jump to navigation

It’s not WWJD, but WIJ February 11, 2007

Posted by Tim in Disciple.
add a comment

You remember the WWJD bracelets, right? Wearing them was supposed to help us stop and think in every situation: What Would Jesus Do? Then, of course, we would make the godly choice and everything would work out just fine. You don’t see many of those bracelets anymore, and it’s not just because they were a fad that went out of fashion. I believe that the church, whether through WWJD bracelets or How-To sermons, is asking the wrong questions. We continue to ask How and What and Where and When and even Why because we have not truly answered the most important question of all: Who.

Who is God? Who, exactly, is Jesus? Who is the Holy Spirit? And when it comes right down to it, who am I?

We evangelicals put great—and appropriate—emphasis on referring to Jesus as our personal Lord and Savior. Yet much of our spiritual thought and practice passes right by personality to focus on performance. And this, I believe, is one of the great sources of tension and frustration among believers. Because we are steeped in a culture of competence, competition, and achievement, it is incredibly difficult to keep those influences from coloring our thoughts about Christ and our new life in Him.

When I think of myself, do I think about my position in Christ or about how well I’m doing at being a Christian? If the latter, then I’m in for a big letdown. After all, I know what the Biblical standards are, I know (or at least I think I do) what is expected of me as one who has been born again. Yet when I look at myself, I don’t see much of a change from who I was before I believed. I still lie and lust. I still rob and rage. I’m still a selfish, whiny, ungrateful little brat. Why doesn’t this Christianity stuff work the way it’s supposed to?

When I think of Christ, do I consider His eternal sovereignty, or do I look at what he seems to be doing about my present circumstances? If the latter, then I will wonder why he doesn’t heal my diseases, keep my spouse from leaving me, turn my child’s heart back to me, give me a better job, or defend me against my backstabbing co-worker. He’s not coming through for me like he said he would. Is he really God, or is the debunking article about him in that magazine right after all? Maybe it’s just me—maybe I’ve blown it somehow, and he’s written me off. Maybe he’s just not as dependable as that pastor led me to believe he was.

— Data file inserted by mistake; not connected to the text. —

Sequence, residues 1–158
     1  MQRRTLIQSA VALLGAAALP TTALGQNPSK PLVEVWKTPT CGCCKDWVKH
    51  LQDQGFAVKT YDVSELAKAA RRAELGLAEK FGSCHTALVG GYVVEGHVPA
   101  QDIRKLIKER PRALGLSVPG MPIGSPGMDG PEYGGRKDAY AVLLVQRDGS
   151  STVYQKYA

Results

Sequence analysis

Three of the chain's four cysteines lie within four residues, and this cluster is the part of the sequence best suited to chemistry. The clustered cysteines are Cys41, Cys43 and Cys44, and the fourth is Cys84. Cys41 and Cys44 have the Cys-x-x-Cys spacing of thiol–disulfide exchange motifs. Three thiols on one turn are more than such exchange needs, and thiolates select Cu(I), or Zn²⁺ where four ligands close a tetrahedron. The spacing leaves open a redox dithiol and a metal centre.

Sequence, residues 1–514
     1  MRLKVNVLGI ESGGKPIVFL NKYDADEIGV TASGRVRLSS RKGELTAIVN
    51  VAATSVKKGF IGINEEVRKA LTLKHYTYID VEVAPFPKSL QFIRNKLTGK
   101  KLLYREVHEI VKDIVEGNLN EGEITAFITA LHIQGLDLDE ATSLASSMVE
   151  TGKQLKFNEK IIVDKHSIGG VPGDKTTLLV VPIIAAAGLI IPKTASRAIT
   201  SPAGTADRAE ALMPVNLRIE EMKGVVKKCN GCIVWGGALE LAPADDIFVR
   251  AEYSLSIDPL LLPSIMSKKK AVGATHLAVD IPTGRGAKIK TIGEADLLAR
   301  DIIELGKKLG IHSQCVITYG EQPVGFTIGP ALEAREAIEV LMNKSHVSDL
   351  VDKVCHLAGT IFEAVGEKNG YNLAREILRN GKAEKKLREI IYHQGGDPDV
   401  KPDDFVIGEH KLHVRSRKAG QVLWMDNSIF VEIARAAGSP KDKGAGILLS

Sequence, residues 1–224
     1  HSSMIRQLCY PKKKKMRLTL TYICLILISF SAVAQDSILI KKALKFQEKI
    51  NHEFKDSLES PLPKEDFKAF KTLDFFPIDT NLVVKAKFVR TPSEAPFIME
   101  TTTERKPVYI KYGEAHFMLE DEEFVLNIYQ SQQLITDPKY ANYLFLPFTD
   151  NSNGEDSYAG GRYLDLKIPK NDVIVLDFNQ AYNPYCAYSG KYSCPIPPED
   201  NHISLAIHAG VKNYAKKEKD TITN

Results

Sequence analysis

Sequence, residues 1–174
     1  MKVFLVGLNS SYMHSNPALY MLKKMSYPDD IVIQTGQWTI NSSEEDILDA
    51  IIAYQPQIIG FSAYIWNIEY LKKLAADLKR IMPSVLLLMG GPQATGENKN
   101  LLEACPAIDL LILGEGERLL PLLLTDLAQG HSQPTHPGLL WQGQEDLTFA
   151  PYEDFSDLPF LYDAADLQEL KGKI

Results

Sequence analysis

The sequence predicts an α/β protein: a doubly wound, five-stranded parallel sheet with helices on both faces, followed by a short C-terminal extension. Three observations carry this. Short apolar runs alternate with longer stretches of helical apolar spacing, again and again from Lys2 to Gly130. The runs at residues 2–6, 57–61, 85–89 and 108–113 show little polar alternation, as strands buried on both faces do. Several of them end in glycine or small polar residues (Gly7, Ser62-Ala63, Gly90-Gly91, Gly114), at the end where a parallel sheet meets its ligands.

In either case, things aren’t working the way we expected. And when something is broken, we naturally ask the How and What questions: How do I Fix This? and What Do I Do to Prevent Further Malfunctions? The trouble is that nothing ever stays fixed in a broken world. Despite our best efforts and intentions, our son turns to cocaine. No matter how hard we try, the look of disappointment will not leave our lover’s eyes. Even when things are going well, worry and doubt and fear nag at us in the dark hours of the night. The pain may subside now and then, but it never really goes away. And we ask Why.

The answers to all of our Hows and Whats and Whys are subsumed in the answer to Who. We must relentlessly choose and choose again to pursue relationship with God, to desire first to know Who He is rather than What He does. Because What He does is the natural expression of Who He is. When I immerse myself in Who God is, I desire Him, not just what he can do for me. When I know—really know—Who God is, I also begin to understand who I am. I see Him as The Almighty, God Most High, the Eternal Creator and Redeemer of life. I see that God truly is my Father, rather than just mouthing that fatherhood as an empty platitude. And if God is my Father, then I am His child; not an arrogant, spoiled princeling, but an heir of righteousness who is eternally secure. My life is “hidden with Christ in God” (Colossians 3:3). In that security, jobs, rent payments, and turbulent relationships fall into perspective. Here’s more of that passage from Colossians:

“Set your minds on things above, not on earthly things. For you died, and your life is now hidden with Christ in God. When Christ, who is your life, appears, then you also will appear with him in glory.”

Incidentally, Paul wrote the letter to the Colossians to refute several heretical teachings that were drawing the believers in that city into confusion and error. To counter those falsehoods, Paul didn’t talk about how they could do better. Instead, he proclaimed the supremacy of Christ: “He is before all things, and in him all things hold together.” (Colossians 1:17). In other words, Paul asked and answered the Who.

What do you think?